As mentioned in a previous post, a beer I have been searching for a while is the Southern Tier Creme Brulee. With a shipment coming through, I was 'lucky' enough to get one bottle after scouring a few bottle shops in Melbourne. I was also 'lucky' enough to get the dregs of the only keg I had ever found of this beer at Slowbeer a couple of weeks back, and apart from needing a spoon to get through the foam, and the extra bitterness that come from the end of a keg, the smell was amazing, and only made me want to proper try of the beer on tap.
I think my girlfriend saw the effect of me only 'getting the crumbs' of Creme Brulee and went searching in Sydney for me at a few bottle shops up there. Like Melbourne, they had sold out of their stock very quickly, but she was given some advice that ended up being 'close to home'. It seems my old stomping ground of Newcastle has quite a good selection of beers available at a bottlo called Warners at the Bay. I know I have been able to get a growler of Rogue's Double Chocolate Stout from there before, so looking on their site I found they had quite a bit of the Creme Brulee left. When going to order a bottle, I was surprised to find I could actually order a case of the stuff, so duly did so and had it sent to Hannah's place in Sydney, seeing I would be up there that weekend. It was a surreal and happy moment when the picture below was taken.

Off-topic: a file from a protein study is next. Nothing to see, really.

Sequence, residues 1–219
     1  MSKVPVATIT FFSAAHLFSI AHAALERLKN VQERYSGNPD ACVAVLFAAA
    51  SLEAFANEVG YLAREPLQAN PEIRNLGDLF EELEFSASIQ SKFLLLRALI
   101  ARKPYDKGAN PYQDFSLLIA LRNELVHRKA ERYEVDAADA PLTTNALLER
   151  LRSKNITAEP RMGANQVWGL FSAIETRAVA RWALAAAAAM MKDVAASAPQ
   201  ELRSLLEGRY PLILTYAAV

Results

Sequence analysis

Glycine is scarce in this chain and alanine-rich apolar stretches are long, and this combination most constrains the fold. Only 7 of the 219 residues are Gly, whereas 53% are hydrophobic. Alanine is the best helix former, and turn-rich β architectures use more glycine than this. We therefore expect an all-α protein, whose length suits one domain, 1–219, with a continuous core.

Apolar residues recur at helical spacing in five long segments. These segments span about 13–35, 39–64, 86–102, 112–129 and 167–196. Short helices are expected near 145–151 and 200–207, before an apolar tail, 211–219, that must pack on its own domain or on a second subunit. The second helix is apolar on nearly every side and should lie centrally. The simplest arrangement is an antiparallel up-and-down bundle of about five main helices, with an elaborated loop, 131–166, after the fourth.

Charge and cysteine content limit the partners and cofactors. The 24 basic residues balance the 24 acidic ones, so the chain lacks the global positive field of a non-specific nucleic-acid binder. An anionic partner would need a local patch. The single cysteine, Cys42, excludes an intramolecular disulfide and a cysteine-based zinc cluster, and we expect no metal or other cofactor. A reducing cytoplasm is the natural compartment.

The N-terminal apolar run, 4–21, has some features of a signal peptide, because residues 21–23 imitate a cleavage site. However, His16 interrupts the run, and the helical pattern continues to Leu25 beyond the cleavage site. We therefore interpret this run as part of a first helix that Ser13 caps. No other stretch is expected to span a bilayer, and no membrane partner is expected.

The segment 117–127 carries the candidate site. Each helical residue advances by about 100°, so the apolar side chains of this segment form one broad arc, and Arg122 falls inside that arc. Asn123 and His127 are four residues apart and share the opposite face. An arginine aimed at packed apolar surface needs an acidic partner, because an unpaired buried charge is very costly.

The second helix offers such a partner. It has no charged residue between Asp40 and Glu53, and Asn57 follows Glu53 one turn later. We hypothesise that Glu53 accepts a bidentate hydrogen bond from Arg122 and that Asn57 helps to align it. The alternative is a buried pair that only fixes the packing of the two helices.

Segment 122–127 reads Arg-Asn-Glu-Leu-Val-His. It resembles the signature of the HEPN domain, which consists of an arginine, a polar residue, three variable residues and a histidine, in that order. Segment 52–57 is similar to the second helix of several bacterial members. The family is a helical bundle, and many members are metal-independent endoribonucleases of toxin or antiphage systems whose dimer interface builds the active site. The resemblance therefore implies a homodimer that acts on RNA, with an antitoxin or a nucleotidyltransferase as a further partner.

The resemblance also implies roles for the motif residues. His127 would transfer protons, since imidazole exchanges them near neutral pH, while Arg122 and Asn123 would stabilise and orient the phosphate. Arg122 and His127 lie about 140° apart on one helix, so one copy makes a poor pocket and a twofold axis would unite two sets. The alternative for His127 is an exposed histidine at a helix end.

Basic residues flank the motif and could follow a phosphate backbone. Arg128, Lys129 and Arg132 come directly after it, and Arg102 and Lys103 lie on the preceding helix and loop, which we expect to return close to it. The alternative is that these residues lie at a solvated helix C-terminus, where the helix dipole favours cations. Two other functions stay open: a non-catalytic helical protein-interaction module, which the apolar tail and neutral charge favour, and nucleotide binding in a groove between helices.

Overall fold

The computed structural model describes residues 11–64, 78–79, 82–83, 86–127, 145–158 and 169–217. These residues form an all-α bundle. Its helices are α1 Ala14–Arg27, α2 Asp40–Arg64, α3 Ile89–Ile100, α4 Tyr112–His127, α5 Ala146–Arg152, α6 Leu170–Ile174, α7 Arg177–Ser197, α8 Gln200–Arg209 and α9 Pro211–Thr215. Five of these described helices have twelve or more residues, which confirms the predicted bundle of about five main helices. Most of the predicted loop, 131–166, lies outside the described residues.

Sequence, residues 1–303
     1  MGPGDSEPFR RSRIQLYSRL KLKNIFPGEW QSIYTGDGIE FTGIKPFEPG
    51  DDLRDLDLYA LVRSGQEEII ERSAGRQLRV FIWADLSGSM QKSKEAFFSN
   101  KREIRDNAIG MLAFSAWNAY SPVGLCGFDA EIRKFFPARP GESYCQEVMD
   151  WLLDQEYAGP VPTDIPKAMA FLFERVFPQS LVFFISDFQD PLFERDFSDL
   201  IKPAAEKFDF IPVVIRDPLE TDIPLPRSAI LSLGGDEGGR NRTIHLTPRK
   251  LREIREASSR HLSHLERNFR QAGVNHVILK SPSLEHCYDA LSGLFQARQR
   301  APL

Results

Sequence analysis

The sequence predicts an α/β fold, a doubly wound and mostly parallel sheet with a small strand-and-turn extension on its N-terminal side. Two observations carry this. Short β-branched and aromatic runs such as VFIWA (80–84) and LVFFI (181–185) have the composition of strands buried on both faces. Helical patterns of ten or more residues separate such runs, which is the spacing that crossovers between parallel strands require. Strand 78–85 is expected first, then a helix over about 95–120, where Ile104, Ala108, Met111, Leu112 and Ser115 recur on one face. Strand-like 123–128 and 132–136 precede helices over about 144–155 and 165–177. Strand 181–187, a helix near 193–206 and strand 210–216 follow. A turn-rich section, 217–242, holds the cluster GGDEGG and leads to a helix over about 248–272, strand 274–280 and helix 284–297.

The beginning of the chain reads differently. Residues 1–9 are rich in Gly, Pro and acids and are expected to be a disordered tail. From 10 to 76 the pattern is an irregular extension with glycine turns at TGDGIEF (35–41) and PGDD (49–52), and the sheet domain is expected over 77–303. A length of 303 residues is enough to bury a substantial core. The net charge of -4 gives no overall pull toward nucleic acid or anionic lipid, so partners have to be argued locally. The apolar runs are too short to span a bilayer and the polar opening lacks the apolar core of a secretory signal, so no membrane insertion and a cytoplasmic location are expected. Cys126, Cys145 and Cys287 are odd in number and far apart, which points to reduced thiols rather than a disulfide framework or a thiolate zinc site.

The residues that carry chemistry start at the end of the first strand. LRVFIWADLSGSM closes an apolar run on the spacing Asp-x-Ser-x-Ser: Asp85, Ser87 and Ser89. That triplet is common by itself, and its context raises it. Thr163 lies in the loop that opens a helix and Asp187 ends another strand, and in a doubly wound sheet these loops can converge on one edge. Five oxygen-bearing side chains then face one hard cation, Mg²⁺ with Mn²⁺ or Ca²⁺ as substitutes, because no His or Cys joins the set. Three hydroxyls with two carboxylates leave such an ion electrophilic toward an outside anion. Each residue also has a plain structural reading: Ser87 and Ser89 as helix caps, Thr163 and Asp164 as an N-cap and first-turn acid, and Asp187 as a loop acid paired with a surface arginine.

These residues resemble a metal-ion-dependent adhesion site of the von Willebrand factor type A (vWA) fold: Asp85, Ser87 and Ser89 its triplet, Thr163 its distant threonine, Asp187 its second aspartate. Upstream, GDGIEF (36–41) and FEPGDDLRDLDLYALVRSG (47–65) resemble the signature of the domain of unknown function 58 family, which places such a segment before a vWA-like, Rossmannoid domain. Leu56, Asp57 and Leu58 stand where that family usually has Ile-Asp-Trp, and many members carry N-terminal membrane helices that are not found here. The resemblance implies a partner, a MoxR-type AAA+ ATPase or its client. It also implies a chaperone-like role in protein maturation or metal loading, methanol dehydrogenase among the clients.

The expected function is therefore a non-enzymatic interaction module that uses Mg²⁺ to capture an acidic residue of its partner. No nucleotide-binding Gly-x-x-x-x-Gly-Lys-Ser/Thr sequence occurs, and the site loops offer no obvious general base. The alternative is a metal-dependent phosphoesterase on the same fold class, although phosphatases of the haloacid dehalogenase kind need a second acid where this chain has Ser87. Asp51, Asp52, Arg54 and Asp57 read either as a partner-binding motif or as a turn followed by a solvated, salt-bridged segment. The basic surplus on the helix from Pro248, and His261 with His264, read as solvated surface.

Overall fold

Anyway, with my bottle collection of Creme Brulee sorted for the next few years, it was just the tap version that had so far stayed out of reach. Still, Eric from the Royston Hotel just across the road from Mountain Goat did begin teasing me with the knowledge he did have a keg of it sitting in his cellar. Initially I thought he would put it on while I was away in Sydney for a weekend with Hannah, but happily he put it on last Wednesday, and so was able to enjoy my first proper taste of this beer on tap. The aroma is so strong in vanilla that I can't help but think they have to be using an extract at the conditioning stage of the brewing process, and does definitely smell like the Cottee's caramel topping. At 9.5%, the alcohol is a bit higher than when I had this beer the very first time at Chapel Street Cellars over 2 years ago, and the boozy taste is very strong in this, along with that bitterness in roast and hop. I can really see that with age this beer with condition very nicely, and glad I now have enough of that to keep aging some from quite some time.
Having had it on Wednesday night, and being on the early shift at Goat that week, I was able to head back after work the next day for another round, this time with a bottle to do a taste off and a creme brulee dessert that happened to be on the menu at the Royston. As expected, the lesser ability for a bottle to purge oxygen from it before filling it with beer meant that the aroma was not so strong in the bottle as it was from the keg, keeping it smelling fresher and stronger. Comparing it to the creme brulee dessert, the big thing you notice is the inability for beer to replicate the custardy texture, but something I hope to do better at with my next homebrew version of it (along with reducing the bitterness).
So, in the end, managed to have 3 tastes of the Creme Brulee on tap!!! Feeling very happy to have been able to find this beer and be able to experience it again after a 2 year battle to get it.